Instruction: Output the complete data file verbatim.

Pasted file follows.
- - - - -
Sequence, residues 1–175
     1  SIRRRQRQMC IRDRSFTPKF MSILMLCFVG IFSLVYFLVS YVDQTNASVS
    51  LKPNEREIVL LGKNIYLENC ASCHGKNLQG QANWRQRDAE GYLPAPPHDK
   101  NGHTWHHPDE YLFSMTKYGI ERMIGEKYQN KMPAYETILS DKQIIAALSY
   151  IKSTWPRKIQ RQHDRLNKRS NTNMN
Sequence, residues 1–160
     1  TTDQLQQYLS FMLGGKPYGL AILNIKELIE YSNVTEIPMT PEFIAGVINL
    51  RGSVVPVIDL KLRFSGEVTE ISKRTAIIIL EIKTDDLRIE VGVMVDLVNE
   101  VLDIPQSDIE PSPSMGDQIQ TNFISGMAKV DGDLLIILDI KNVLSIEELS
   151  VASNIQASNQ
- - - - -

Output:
Sequence, residues 1–175
     1  SIRRRQRQMC IRDRSFTPKF MSILMLCFVG IFSLVYFLVS YVDQTNASVS
    51  LKPNEREIVL LGKNIYLENC ASCHGKNLQG QANWRQRDAE GYLPAPPHDK
   101  NGHTWHHPDE YLFSMTKYGI ERMIGEKYQN KMPAYETILS DKQIIAALSY
   151  IKSTWPRKIQ RQHDRLNKRS NTNMN
Sequence, residues 1–160
     1  TTDQLQQYLS FMLGGKPYGL AILNIKELIE YSNVTEIPMT PEFIAGVINL
    51  RGSVVPVIDL KLRFSGEVTE ISKRTAIIIL EIKTDDLRIE VGVMVDLVNE
   101  VLDIPQSDIE PSPSMGDQIQ TNFISGMAKV DGDLLIILDI KNVLSIEELS
   151  VASNIQASNQ